I spent two nights in Los Angeles, California, and didn’t even see the Hollywood sign. I did, however, enjoy an evening with an amateur dramatic group in a public library. Yes, friends, that cliché is true. Everyone in LA is an aspiring actor or actress. If anyone tells you different it’s because they want you to drop your guard while they steal your audition for a yoghurt commercial.
Not much actual acting happened at the amateur dramatic group. There was a lot of gossipping about auditions, failed or otherwise (actually, no, now that I think about it, just failed). There was hyper-critical analysis of headshots — the physical manifestation of these people’s own sense of self-importance — which anyone in LA has to carry around with them at all times. There was lots of excuse-making (“oh, I didn’t bring my script today, but here’s one I love from a scrawny misunderstood independent screenwriter you’ve never heard of”). And then, right at the end, there was some massive melodramatic monologue-reading which was either compelling or creepy depending on how you feel about warcrimes against Bosnians.
But let’s freeze-frame here, with this woman kneeling on the floor outside this public library at midnight, hair flopped over her face, weeping, and let’s rewind a few hours like this is a bad sitcom episode. I’d just arrived in Union Station (pictured above) from Tucson, Arizona. The sun was shining with the promise of Hollywood megastars and bare-skinned beach babes. I was picked up at the station by my host, Mia, in her little yellow car that looked like a sports car from a distance but turned into a faded former taxi when she got close. She parked right outside the station, pulled me over, argued for ten seconds with the orders-is-orders parking attendant and then we departed in a hurry.
“Fuck LA,” she said. Her first words to me.
“Yeah, fuck LA.” Her second words to me.
It was somewhere between her third words and her thirtieth that I found out she held a prominent position as a public speaker for Amnesty International in Southern California.
Whether talking about falsely imprisoned death row inmates in Georgia (this was a few months before the execution of Troy Davis) or the inability of LA residents to drive in a straight line, Mia oozed so much passion that she had to keep a box of tissues on the dashboard. I might not have agreed with everything she said (but we’ll ignore that because, let’s face it, no one comes here for a debate about ethics), but I loved Mia. Anyone that passionate about anything, let alone everything, can only be admired.
She even had strong opinion on ales and, err, vegan sausages. We had both in what I, as a Brit, can assure readers was definitely not a pub. It was what a small city pub might look like if taken over by a fabulous gay couple and a hipster. There were tables-for-two along one wall, a bar along the opposite wall and a chasm of space in between. It was like they were waiting for more furniture deliveries. It was only later, while in a wine bar, that I realised all the empty space was actually designed that way. It was for these wannabe stars to stand upright while trading witticisms. Apparently sitting down is a sign of weakness in Los Angeles. Standing up makes back-stabbing that much easier I suppose.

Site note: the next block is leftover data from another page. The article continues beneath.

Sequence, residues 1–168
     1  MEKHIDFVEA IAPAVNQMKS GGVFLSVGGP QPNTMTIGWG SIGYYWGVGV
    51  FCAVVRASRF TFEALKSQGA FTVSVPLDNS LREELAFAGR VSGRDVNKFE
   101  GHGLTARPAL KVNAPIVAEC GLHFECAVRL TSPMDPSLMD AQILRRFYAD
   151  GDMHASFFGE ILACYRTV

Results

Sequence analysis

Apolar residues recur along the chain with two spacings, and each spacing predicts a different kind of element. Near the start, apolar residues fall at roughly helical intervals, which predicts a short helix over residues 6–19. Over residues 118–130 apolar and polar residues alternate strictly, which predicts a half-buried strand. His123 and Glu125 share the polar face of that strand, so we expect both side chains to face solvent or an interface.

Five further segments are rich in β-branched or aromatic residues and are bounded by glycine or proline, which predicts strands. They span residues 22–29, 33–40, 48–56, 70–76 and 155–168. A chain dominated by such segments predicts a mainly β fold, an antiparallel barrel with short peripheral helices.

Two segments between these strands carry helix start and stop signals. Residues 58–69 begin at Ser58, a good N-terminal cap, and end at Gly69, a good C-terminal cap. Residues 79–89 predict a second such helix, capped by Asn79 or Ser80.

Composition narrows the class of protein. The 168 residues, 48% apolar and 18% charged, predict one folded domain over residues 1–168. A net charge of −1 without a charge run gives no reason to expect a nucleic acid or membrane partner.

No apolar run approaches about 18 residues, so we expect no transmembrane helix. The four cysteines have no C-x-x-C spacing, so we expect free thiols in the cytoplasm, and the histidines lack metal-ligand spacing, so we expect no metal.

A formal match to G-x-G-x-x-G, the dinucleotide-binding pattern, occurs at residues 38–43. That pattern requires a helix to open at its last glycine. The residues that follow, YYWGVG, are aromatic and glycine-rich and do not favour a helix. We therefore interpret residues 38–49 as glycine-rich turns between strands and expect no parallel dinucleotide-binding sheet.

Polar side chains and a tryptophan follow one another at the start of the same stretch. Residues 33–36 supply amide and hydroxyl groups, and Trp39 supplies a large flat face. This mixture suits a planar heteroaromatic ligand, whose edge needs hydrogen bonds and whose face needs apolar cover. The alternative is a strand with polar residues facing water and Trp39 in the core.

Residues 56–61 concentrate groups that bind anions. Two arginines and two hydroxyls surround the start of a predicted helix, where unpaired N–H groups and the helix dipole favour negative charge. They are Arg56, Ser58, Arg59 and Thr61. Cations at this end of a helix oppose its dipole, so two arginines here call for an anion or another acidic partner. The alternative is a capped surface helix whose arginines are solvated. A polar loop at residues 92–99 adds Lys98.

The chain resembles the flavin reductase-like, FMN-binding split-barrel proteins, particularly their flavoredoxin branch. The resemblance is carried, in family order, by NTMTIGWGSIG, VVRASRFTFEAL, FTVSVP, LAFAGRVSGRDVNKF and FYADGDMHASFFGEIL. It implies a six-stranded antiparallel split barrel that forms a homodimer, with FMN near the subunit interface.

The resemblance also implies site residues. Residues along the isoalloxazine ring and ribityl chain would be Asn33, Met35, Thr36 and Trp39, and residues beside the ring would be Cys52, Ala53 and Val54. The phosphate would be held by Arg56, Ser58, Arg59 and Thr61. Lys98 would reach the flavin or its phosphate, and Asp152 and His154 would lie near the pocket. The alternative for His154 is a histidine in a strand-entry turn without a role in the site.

After eating Mia drove us a few miles to a public library. I’ll be honest, I was expecting these amateur dramatics groups meetings to be all hush-hush and in basements with candles and shadows, not in a well-lit library courtyard with sweet old ladies pushing book carts down corridors. After a whole lot of standing around, excuse-making and general thumb-twiddling for a few hours, it was midnight, the library was closed, the car park was empty, and the four of us were standing out front getting ready to say goodbyes (because even the simplest thing in Los Angeles seems to involve a lot of preparation).
“Let’s just read these monologues,” Mia said. Allen went first. Then Madison. Then Mia. She really got into it. It went on for three sheets, a recreation of the climactic soliloquy from a Bosnian in a documentary about warcrimes back in the day (Google it). The amount of water on my host’s face grew ever more concerning, her body motions beginning to make me wonder if she hadn’t had a stroke. The others stood with brows furrowed, hands in pockets. Eventually Mia finished, both orally and physically, and quite possibly sexually too (the floor was awfully damp).
In the car, after goodbyes were finally said, Mia asked me, “So, what did you think?”
“I, uh, well, umm, you definitely, err, meant what you said. You’re a passionate woman.”
“Thanks, Chirpy. I’m glad you said that. The others are all about analysis, analysis, analysis. To them everything is about success. About getting an audition, getting a part, getting famous. I don’t do it for that. I do it because I enjoy it, because I want to tell the world about things happening elsewhere in the world. Horrible things. I think drama and theatre is a great way of disseminating that kind of information in an accessible form.”
I didn’t feel the need to tell her that a 20-minute monologue about the tortures faced by people in a country most Americans have never heard of wouldn’t generally be considered “accessible”, but hey, I can’t imagine many people thought the key to Jimmy Savile’s dressing room was that accessible, but apparently it was. So who knows, maybe she’ll be famous one day and I’ll have to eat my words. Or she’ll gate-crash a Hollywood party with her Amnesty gang and start shrieking that Ryan Gosling has a cold, cold heart because he doesn’t buy fair trade coffee. I’m not sure which is more likely.
If you made it this far, congratulations, you have stamina. Now it’s your turn: Thoughts? Anyone? About anything?